They treat their business and the people whom participate in it as their family: they’re creating together and working towards a shared vision. They now have a dozen full-time employees that they personally feel responsible for since every person plays an integral role towards a communal goal.
Simon & Nikki Haas share an incredible open-mindedness that is both alluring and alarming, and is surely a catalyst for their ever-evolving and restless creations. They tackle what many consider some of the most taboo subjects, in an unprecedented way and with an unusual ease. While their motivation may not lie in “going against the grain”, the result is often the case. They both admit: “if someone tells us we can’t do something; of course, that’s the first thing we’re going to do. And that happens a lot…”
However, we can not mistake it as provoking for provocation sake: there’s a deeply sincere motive behind their work. “The point of an artist is that you want to change people’s minds and in order to do that, you have to show them something they’re not used to.”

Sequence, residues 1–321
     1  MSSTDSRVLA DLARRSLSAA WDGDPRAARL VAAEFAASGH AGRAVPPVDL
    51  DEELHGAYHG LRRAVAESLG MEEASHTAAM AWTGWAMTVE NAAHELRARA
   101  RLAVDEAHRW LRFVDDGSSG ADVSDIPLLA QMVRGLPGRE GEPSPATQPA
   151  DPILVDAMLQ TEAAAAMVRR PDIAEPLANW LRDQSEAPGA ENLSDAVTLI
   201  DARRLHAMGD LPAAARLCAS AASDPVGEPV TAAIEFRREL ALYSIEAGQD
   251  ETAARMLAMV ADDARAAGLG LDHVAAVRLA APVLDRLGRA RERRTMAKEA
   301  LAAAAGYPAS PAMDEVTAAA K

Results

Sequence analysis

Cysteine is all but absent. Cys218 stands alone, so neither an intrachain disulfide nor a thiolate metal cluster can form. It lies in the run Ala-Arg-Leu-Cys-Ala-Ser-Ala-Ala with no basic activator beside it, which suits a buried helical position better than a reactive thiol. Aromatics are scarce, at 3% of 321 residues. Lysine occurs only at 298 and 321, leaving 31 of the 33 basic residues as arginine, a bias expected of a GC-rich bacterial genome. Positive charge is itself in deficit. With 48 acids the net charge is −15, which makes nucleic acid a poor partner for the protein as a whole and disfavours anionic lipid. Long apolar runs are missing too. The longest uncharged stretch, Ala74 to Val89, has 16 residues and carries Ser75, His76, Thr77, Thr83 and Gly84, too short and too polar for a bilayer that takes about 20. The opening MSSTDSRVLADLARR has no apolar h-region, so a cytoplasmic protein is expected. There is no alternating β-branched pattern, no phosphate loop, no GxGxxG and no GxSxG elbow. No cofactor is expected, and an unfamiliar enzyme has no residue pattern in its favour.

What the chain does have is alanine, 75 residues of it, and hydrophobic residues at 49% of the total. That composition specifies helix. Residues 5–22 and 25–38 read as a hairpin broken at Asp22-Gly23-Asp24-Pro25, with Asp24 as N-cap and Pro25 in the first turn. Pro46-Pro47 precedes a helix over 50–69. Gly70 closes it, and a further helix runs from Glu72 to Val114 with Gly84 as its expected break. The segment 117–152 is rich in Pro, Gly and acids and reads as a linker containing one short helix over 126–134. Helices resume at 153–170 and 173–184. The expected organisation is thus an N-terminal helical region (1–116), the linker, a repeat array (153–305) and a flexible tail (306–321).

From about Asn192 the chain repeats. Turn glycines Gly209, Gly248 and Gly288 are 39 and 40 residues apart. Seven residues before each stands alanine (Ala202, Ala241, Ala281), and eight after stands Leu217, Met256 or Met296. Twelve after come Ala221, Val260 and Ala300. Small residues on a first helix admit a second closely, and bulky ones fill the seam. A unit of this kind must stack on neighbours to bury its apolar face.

Sex, a theme they’re now moving past, has been a subject they’ve explored in depth and central to much (often critical) attention. As a result, they’ve frequently been often simply labeled as sexually focused artists. They both underline that it is not their sole interest, pointing out: “we don’t want to ignore that sex is part of life — and art should reflect how you’re thinking about things. There’s not more sex in our work then there is in our lives — or for that matter in nature too.”
© Haas Brothers, “KAA”, Brass Hex Tile, 2014, photograph by Joe Kramm